Outrage over the deaths of nearly 1,500 dolphins on the Faroe Islands

Outrage over the deaths of nearly 1,500 dolphins on the Faroe Islands

Even the most ardent defenders of traditional whaling in the Faroe Islands on Sunday condemned the “cruel and unnecessary” slaughter of a superpode of nearly 1,500 dolphins, which was pushed into the shallow waters of the beach of Skálabotnur on the island of Eysturoy and left to twist for hours. before being killed.

The Sea Shepherd group, which has campaigned to stop the traditional Faroese “Grind” hunt since the 1980s, claimed Sunday’s hunt was “the biggest kill of dolphins or pilot whales in the history of the islands”, with more animals that perish only in an entire season in the notorious “Cove” of Taiji, Japan.

This time, however, the scale of the killings was such that even many Faroese, who often regard the hunt as part of their cultural heritage, expressed disgust.

“I get nauseous to see this sort of thing,” one commentator said on the Facebook page of local broadcaster Kringvarp Føroya, while another called the massacre “absolutely terrible”, saying: “I am embarrassed. to be Faroese.

Carcasses of white-sided dolphins dead on a beach after being removed from the bloody water of Eysturoy Island. Photography: AP

Heri Petersen, who chairs the local hunting association Grind in the bay where the massacre took place, said far too many dolphins had been herded into the bay for too long a distance, with too few people waiting on the beach to kill them, prolonging their agony.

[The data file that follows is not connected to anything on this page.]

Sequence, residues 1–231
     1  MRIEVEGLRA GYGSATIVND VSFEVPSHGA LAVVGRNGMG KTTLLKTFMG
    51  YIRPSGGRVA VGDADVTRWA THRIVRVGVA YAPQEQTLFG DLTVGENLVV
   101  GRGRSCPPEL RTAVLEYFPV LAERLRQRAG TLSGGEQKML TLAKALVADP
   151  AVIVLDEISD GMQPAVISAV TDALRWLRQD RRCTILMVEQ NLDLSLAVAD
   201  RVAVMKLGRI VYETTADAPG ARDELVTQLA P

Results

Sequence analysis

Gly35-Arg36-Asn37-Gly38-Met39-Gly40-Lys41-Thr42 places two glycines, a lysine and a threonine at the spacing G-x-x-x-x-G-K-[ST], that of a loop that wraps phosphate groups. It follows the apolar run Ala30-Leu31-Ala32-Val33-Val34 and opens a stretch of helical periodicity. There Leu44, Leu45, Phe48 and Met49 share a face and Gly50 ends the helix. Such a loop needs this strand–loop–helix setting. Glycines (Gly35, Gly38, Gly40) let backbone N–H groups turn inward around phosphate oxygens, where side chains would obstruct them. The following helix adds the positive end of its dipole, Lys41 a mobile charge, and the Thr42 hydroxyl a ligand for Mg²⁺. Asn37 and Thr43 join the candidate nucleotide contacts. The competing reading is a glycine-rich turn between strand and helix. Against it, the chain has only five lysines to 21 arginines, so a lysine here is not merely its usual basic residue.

“I am appalled by what happened,” he told local news site In.fo. “The dolphins lay on the beach twisting for too long before they were killed. “

Hans Jacob Hermansen, the former presidents of the Faroese Grind Association, which campaigns for the survival of traditional hunting, told local broadcaster Kringvarp Føroya he was shocked by the event, which he said “destroyed all the work that we did to preserve the grind ”.

“The world has become much smaller today, everyone walks around with a camera in their pocket,” said his successor, Ólavur Sjúrðarberg. “It is a gift for those who wish us evil with regard to the Grind.” “

The Grind is important to many Faroese, with spectators coming out to watch from the shore, and the meat of the take is traditionally shared among the families who participated, with any excess then distributed among the local villagers.

But a resident told Danish newspaper Ekstra Bladet that there was no way locals would want to consume so much dolphin meat.

“I guess most dolphins will be thrown in the trash or in a hole in the ground,” they said. “We should have district quotas and we shouldn’t kill dolphins. “

Captain Alex Cornelissen, global managing director of Sea Shepherd, which campaigns against whaling, said that in the midst of a global pandemic it was “absolutely appalling to see an attack on nature of this magnitude in the Faroe Islands ”.


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